Hi, all! I’m so happy to be here today! Jay and I had both had book releases this month, so we decided it might be cool to interview each other. I hope you enjoy reading my answers, and be sure to check out the bottom of the post for the Rafflecopter giveaway and information about my book, “Hook, Line, & Sinker,” which just came out from Dreamspinner Press on the 19th 🙂
And now, without further ado…
What do you love about fanfic? How did you come across it?
Gosh, I can’t remember how exactly I came across fanfic. I know it was about fourteen years ago when I got really into anime. I believe I accidentally stumbled across Fanfiction.net one day and everything snowballed from there.
One thing I love about fanfic is that for us slash (m/m) fans, we often got to see couples together that would have never happened in canon. As a writer of fanfic, I loved being able to take characters and worlds that were already established and that I already loved in new and different directions. Don’t like the way the anime ended? No problem! Someone wrote a fanfic with an alternate ending and you can imagine that was what really happened instead. Want two characters to fall in love? No sweat! Here are a dozen fics detailing their epic romance. Fanfic is fun, and while I know some people have issues with it, I’ve always considered fanfic a tribute to the source material. Personally, I’d be thrilled and flattered if anyone ever wrote fanfic for my stories. I’d feel like I’d “made it.” 🙂
What character from one of your books would you like to have come alive and be real?
I get this question often and the answer is always the same: Nick Ventura from the “Lucky Moon” series. He was so much fun to write, and I think he’d be hilarious and entertaining in person. I’d love to get to meet him. Second to him, I’d probably say Dusty from the “One Thing” series.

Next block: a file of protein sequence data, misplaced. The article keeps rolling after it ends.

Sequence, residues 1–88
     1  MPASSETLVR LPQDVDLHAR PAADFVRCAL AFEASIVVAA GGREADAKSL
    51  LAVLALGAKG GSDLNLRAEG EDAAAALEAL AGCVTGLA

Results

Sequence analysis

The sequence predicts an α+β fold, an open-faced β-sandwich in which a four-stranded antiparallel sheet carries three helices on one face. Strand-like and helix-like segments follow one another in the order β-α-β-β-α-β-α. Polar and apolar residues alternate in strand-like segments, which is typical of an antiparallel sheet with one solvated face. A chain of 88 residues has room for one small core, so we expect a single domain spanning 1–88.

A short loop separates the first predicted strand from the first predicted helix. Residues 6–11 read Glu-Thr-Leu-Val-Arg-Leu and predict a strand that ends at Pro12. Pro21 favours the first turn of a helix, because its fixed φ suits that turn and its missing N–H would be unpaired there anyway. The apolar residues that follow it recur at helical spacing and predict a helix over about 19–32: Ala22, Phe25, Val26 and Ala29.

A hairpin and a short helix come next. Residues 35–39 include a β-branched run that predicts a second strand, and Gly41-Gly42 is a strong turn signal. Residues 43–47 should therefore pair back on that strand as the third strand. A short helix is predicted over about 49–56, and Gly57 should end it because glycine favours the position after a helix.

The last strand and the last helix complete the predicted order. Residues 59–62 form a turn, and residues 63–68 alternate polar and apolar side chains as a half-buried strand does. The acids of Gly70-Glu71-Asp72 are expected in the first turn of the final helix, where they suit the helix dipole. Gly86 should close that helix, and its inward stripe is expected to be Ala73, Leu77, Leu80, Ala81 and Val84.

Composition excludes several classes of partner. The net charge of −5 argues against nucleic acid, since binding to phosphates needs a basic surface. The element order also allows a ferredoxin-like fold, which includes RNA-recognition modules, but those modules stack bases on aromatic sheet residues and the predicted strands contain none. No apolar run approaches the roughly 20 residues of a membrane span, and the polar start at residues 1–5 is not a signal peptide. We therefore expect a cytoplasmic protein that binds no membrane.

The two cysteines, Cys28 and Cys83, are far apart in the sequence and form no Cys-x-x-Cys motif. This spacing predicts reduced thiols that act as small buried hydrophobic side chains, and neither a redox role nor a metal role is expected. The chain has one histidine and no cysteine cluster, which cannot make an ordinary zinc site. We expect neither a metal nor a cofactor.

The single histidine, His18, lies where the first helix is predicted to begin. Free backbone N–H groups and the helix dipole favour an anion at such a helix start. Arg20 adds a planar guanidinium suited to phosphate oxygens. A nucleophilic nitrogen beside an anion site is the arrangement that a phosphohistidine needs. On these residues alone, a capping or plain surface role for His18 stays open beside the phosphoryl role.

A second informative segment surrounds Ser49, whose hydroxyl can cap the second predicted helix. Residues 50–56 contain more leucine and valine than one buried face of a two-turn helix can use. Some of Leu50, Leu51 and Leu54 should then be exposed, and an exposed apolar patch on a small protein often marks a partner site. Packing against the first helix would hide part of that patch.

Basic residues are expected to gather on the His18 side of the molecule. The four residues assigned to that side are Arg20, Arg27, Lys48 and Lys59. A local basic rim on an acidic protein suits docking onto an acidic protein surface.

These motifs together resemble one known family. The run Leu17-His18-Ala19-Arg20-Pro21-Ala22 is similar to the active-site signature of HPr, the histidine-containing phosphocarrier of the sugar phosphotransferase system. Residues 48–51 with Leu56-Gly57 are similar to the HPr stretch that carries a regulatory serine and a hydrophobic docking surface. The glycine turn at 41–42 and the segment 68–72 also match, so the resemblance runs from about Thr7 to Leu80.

Which book of any genre would you love to have written?
I would’ve loved to have written the Harry Potter series. It’s one of my favorite book series of all time. It was original, interesting, engaging, and emotionally moving, and I think that series is a big part of why YA and pre-teen books sort of exploded over the last fifteen years or so. I remember when I was in high school the YA sections at my stores were tiny. There were some tried and true faves: RL Stine, Christopher Pike, Judy Blume, LJ Smith, but the options were fairly limited. Now you walk into a bookstore and there are rows upon rows of YA books available. I think that’s pretty awesome.
What is the most difficult thing about writing for you? The easiest?
The hardest by far is dealing with writer’s block. Breaking it sometimes takes me weeks if not months, and I’m usually pretty miserable during that time because writing, creating, makes me happy. Without that outlet, I tend to get more and more stressed—which in turn leads to me having even more difficulty writing. It’s a vicious cycle.
The easiest thing is coming up with ideas. You should see my folder! There are loads of half-formed ideas in there, blurbs, notes, character bios. I come up with new stuff all the time.